Croatian president visits Macedonia; migrant route remains closed

The situation on the Macedonian-Greek border is very difficult because of the migrant crisis, but the Western Balkan route will remain closed until destination countries make it clear whether they will they accept the migrants or not, Croatian President Kolinda Grabar-Kitarovic said after visiting a temporary refugee reception centre in Gevgelia, Macedonia on Wednesday.

Grabar-Kitarovic learned by talking to migrants from Syria, Pakistan and Afghanistan how difficult their life in the camps was and how confused they were. "I think we all owe them answers. The European Union and individual member states must send clear messages what is to be done because this migration wave and pressure will not stop until those messages are clear," she said.

Grabar-Kitarovic stressed that the migrants wanted to travel to Germany and other countries in Western Europe and nowhere else. "The EU must take a clear stance, shape its migrant policy and accept migrants entitled to asylum, who are actually war refugees," she added.

Grabar-Kitarovic visited the Vinojug refugee transit centre together with her host, Macedonian President Gjorge Ivanov, and Slovenian President Borut Pahor.

Ivanov noted that Macedonia was defending the EU, guarding the corridor as requested by the European Commission.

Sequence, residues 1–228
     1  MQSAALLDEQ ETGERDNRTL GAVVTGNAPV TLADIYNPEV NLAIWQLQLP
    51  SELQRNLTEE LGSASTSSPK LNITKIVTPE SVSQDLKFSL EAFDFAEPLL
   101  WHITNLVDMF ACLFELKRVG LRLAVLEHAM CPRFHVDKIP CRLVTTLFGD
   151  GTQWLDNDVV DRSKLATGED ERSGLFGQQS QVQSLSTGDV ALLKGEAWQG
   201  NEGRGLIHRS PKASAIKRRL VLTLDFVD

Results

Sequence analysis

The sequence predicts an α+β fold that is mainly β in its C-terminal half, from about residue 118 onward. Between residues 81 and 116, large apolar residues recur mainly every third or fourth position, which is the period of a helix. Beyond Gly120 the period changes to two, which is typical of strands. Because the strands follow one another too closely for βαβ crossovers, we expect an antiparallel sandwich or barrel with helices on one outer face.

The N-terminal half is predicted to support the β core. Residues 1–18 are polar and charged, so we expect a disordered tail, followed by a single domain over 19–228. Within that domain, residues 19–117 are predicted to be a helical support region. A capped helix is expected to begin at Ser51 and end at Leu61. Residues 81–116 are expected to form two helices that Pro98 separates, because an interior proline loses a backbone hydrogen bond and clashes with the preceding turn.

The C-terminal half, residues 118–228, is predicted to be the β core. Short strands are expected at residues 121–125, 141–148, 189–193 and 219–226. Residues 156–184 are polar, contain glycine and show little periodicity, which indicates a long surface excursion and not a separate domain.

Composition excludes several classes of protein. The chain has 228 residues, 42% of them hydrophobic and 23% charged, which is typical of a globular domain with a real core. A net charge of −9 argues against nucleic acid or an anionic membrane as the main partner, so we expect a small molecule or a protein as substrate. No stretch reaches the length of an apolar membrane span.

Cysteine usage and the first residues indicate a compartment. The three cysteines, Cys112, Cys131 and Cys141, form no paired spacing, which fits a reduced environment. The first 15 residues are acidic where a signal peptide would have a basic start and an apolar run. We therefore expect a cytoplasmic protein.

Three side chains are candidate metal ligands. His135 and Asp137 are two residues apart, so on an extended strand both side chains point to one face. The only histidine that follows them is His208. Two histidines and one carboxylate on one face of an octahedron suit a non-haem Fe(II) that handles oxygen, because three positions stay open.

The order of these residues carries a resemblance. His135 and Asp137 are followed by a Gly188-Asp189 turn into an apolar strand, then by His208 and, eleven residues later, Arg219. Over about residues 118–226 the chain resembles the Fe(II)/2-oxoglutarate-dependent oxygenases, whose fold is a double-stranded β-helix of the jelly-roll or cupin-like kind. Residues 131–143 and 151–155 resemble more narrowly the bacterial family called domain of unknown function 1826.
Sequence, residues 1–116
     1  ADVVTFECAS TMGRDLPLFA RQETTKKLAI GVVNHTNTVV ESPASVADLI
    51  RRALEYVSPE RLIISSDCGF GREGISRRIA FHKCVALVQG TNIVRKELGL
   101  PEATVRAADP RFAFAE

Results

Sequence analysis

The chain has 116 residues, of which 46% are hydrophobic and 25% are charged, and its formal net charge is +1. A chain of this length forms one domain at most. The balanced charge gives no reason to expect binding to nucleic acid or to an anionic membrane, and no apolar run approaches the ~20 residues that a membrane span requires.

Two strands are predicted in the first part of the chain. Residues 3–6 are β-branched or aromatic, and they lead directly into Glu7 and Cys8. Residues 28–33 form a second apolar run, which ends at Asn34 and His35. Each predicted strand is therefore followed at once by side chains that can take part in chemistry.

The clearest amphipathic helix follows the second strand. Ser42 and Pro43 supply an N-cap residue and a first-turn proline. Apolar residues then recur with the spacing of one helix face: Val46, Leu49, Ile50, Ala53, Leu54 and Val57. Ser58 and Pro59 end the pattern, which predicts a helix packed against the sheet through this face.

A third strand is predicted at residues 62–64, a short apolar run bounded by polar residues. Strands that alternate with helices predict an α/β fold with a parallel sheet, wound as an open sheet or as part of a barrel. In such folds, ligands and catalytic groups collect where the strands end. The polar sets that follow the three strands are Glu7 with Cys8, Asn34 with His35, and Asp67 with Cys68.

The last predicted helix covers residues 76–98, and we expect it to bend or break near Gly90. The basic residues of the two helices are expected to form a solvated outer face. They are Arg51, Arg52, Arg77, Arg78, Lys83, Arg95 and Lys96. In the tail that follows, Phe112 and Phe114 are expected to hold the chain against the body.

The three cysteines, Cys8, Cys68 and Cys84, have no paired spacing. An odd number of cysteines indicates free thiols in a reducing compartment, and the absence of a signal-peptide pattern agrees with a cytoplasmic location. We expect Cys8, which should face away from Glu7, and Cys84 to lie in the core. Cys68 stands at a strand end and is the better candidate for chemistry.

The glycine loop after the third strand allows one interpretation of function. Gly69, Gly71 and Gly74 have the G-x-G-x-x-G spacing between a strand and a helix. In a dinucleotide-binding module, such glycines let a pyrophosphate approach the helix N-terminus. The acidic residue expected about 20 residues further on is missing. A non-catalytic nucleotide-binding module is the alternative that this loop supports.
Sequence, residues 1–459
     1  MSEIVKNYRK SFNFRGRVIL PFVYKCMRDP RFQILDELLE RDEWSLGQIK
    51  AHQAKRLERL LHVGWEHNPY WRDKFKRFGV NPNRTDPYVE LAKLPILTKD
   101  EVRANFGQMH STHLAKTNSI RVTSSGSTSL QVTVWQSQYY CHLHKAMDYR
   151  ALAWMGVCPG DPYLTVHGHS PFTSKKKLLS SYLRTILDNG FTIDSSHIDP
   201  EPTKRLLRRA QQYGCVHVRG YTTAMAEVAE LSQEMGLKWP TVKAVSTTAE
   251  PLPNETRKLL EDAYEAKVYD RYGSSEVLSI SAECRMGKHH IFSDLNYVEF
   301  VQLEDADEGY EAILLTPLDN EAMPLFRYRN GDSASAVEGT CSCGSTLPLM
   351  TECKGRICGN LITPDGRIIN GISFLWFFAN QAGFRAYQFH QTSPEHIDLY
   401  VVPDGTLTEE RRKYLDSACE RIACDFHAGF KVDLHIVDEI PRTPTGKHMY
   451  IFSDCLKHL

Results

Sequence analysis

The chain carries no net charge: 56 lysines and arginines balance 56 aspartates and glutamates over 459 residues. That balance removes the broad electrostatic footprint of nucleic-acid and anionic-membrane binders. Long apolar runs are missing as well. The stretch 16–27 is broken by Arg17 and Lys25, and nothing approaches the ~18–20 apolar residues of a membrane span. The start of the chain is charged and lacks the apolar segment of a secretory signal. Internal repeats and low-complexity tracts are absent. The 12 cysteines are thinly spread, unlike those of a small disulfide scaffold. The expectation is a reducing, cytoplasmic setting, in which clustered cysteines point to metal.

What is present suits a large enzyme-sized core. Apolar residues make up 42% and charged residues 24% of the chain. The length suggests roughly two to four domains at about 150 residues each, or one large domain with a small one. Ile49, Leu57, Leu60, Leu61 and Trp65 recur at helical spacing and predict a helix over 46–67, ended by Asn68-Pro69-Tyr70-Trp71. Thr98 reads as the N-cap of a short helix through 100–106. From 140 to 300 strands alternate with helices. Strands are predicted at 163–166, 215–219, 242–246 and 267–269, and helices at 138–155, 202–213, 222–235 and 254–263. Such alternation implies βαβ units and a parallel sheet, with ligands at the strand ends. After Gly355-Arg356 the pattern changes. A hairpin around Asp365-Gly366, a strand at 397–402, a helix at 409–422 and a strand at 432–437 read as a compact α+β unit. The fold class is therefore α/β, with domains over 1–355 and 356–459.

Grabar-Kitarovic and Pahor took the opportunity to express their support for the Euro-Atlantic integration of Macedonia and other Southeast European countries. "President Pahor and I want to initiate the process of Euro-Atlantic integration of not only Macedonia but also of other countries in Southeast Europe, based on fulfilment of the necessary criteria," the Croatian president said.

Commenting on the latest developments in Macedonia, Grabar-Kitarovic said that she and Pahor had spoken with the authorities and opposition leaders on Tuesday, expressing hope that their differences would be settled in accordance with the EU-brokered Przino agreement.

Ivanov on Tuesday declared an amnesty for all suspects in a 2015 wire-tapping scandal that caused a political crisis in the country. The decision triggered mass protests in the streets of Skopje just hours after its announcement, with protesters throwing eggs at Ivanov's office. Opposition leader Zoran Zaev called on Ivanov to resign, saying that his decision to halt the investigation was a coup.

Grabar-Kitarovic said that she and Pahor would submit a report to European Council President Donald Tusk and other officials involved in Brdo-Brijuni Process meetings, including Austrian President Heinz Fischer and US Vice-President Joe Biden.

Speaking of the early election in Macedonia, set for June, Grabar-Kitarovic said that this was Macedonia's internal matter, adding that "in democracies, elections are always the best and most democratic solution when a country finds itself in a situation in which there is no agreement on how to move forward."

Grabar-Kitarovic said that she and Pahor encouraged everyone in Macedonia to continue implementing reforms and overcoming obstacles to the country's prosperity.

In the Vinojug camp, Grabar-Kitarovic met with a dozen Croatian police who are deployed along the border fence, helping their Macedonian colleagues keep the order and defuse tensions. "Croatia will continue assisting Macedonia in guarding the border," she said.

About 140 migrants are currently staying in the camp. Apart from the Macedonian authorities, they are looked after by the Roman Catholic charity Caritas, the UNHCR, Danish Relief and other humanitarian organisations.

Last update: Wed, 13/04/2016 - 17:06
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